Ever since the equipment became reasonably portable, photographers have traveled the globe to document places and events that are, at least to some viewers, remote. Fabian Rook, whose work is included in “Gute Aussichten: New German Photography 2012/2013,” has harsh news for such photogs: “It simply no longer works like this,” he writes in the show’s catalog.
Rook instead relies on Google Street View to provide images of places he’s never photographed. He manipulates the pictures, sometimes to transform views of a region into ones that seem to be somewhere else entirely. His vignettes of a turbulent Middle East are based on images of other places, recast with the addition of black smoke, a mosque or a corpse lying on a street continents away from where it fell.
Rook doesn’t define the entire aesthetic of the ninth annual “Gute Aussichten” survey, now on display at the Goethe-Institut. Indeed, two of his cohorts seem to heartily disagree. Svetlana Mychkine photographs Russian orphanages and their young residents, making color pictures that are shadowy and intimate. Henning Bode’s black-and-white images of the Mississippi Delta explicitly recall Depression-era photos of the American South, made when traveling somewhere with a camera (and actual film) was only way to show what was out there. Bode’s inspiration is the Delta blues, still vital if not as up-to-date as dubstep or Duck Duck Go.
Of the exhibition’s other participants, most are closer to Rook than Bode. Susann Dietrich offers a grid of 30 photos of the same object, a crystal that refracts light differently in each shot. Nicolai Rapp photographs “dead white men’s clothes,” tightly bundled in bales and looking like some sort of Christo project, although in fact these stark images are documentary: They depict castoff European apparel that’s been packaged for transport to poorer regions. Both photographers use blank backgrounds to emphasize the staginess of their work.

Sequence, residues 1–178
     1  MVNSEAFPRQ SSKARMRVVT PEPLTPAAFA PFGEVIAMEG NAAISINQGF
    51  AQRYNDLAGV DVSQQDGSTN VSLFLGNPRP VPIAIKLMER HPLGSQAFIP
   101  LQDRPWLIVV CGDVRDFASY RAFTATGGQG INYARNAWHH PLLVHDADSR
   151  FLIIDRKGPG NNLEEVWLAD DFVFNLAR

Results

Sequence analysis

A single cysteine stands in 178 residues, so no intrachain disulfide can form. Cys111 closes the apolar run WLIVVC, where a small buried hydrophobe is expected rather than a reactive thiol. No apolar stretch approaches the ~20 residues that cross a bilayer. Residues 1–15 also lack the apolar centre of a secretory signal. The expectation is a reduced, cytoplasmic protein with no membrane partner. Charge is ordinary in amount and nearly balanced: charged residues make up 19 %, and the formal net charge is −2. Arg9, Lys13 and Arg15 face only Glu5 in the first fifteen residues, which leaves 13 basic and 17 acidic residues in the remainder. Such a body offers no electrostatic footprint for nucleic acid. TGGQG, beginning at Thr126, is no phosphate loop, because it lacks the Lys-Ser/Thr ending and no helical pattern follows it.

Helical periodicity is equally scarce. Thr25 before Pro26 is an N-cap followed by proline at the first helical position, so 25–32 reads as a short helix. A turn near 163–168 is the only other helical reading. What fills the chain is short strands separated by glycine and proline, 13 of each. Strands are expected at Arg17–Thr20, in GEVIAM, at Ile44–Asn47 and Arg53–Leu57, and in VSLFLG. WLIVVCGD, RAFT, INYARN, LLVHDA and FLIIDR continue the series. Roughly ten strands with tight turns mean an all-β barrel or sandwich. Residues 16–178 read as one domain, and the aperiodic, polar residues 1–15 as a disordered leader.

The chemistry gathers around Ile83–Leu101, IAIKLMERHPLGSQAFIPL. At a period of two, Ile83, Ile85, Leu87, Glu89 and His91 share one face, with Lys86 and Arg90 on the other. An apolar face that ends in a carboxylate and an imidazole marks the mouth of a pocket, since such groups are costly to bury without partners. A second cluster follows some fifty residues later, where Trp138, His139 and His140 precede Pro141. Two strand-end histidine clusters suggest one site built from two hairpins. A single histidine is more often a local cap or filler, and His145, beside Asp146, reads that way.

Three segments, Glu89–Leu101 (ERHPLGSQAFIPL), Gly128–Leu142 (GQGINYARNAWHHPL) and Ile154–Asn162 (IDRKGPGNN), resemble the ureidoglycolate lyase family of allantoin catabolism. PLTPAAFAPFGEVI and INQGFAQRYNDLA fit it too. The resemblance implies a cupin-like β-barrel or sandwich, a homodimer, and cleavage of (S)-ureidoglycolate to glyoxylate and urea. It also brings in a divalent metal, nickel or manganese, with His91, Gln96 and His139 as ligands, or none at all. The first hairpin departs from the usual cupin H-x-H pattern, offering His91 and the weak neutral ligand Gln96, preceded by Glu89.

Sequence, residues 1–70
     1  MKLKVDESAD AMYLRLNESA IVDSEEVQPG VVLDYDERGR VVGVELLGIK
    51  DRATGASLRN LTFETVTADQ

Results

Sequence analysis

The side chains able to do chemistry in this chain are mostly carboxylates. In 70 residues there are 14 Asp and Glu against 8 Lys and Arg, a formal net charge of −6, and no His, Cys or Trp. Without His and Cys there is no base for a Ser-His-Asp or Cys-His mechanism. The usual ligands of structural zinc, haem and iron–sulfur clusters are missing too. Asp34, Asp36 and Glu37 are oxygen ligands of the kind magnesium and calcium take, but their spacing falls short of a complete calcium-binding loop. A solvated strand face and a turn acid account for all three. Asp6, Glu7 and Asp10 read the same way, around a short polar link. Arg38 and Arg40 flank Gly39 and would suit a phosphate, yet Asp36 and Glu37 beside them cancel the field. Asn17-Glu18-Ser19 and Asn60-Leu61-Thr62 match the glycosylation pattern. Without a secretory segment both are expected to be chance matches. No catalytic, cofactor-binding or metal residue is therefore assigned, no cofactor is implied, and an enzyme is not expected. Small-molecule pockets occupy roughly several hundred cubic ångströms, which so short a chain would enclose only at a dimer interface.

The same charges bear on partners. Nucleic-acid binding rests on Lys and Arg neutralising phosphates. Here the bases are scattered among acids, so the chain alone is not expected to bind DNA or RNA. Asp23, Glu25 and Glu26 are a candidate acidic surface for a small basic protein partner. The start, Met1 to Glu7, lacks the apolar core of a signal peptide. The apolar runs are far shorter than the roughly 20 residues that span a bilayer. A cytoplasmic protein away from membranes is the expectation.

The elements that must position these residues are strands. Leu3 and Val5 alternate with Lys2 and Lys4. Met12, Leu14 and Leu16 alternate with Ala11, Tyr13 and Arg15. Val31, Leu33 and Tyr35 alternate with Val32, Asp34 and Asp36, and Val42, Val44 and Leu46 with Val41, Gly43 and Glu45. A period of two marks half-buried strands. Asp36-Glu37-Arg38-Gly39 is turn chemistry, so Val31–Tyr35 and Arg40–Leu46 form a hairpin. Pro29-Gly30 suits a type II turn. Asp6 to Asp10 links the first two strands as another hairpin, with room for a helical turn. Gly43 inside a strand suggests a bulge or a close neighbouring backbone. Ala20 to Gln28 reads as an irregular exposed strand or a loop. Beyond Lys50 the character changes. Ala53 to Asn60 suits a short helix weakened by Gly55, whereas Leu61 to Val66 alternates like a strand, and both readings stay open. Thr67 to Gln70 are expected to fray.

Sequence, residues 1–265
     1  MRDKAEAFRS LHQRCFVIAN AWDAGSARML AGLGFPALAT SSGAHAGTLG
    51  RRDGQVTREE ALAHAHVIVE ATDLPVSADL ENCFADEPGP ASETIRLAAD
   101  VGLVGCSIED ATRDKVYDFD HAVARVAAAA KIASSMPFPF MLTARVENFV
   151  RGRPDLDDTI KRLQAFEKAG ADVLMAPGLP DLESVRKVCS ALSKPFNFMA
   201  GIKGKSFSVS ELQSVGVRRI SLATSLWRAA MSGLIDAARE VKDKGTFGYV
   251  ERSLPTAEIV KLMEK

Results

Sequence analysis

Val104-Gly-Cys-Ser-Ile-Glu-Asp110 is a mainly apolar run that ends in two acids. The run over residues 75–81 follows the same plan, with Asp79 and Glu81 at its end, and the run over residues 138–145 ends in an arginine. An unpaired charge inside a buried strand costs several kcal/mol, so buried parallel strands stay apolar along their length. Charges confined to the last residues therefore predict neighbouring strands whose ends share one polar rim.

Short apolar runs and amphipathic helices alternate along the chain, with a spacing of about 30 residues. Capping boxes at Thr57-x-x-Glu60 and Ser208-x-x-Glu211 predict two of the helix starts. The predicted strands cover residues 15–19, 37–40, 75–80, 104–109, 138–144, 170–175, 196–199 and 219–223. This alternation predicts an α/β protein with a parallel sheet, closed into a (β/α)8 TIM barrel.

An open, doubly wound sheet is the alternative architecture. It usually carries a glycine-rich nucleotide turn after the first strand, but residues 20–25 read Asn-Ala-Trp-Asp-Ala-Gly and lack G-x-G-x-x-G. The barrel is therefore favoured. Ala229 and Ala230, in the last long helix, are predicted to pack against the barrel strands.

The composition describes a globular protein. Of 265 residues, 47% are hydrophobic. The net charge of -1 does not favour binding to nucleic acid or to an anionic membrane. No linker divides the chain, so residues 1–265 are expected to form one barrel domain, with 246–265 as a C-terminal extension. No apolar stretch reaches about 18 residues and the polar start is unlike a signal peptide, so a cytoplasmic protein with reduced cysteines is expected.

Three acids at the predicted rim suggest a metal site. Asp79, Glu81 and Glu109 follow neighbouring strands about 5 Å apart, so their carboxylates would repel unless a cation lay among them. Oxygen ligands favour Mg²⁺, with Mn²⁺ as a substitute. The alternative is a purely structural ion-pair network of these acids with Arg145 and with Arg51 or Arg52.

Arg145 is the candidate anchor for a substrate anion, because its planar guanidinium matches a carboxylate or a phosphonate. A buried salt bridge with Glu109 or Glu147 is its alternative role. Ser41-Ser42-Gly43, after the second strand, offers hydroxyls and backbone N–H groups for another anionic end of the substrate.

Saskia Gronenberg depicts the real world, but only a small corner of it: the land of office plants, which in her black-and-white photos seem to be returning white-collar clearings to the state of primeval forest. Jakob Weber’s large color pictures also show everyday scenes of tidy, prosperous Germany, but they’re juxtaposed with small black-and-white shots made at roughly the same time in contrasting places: war-ravaged Bosnia, Sumatra during the 2004 tsunami, Manhattan as the World Trade Center burned. Weber gets the news shots from photo agencies, suggesting that for him, like Rook, it’s choosing rather than making the image that matters.
On view through April 12 at the Goethe-Institut, 812 Seventh St. NW; 202-289-1200; www.goethe.de/washington
Benjamin Rasmussen is one of those globe-traveling photographers, but every picture in his current show, “Home,” is personal. That’s possible because of his complicated life story. His father is from the Faroe Islands, and his mother from the United States; he grew up in the Philippines, but married a woman from Wyoming. All those places are depicted, along with Italy, in his show at the current but temporary location of the Gallery at Vivid Solutions.
Rasmussen has collected these photos into a book, also titled “Home,” that’s been dissected and spread across one wall of the space. Ten of his large-format color photos show a concern for form, but also themes. A view of rural Wyoming layers horizontal elements: a road, a fence, a line of trees and the tops of mesas. Neighboring shots from the Philippines and the Faroes show nature unleashed or controlled: In the first, an abandoned house is claimed by the jungle, while in the second a man trims his home’s grass roof. From snowy Wyoming to a white-sand Faroes beach, Rasmussen’s eye links disparate locales, achieving his goal of getting “my different worlds to interact with and know each other.”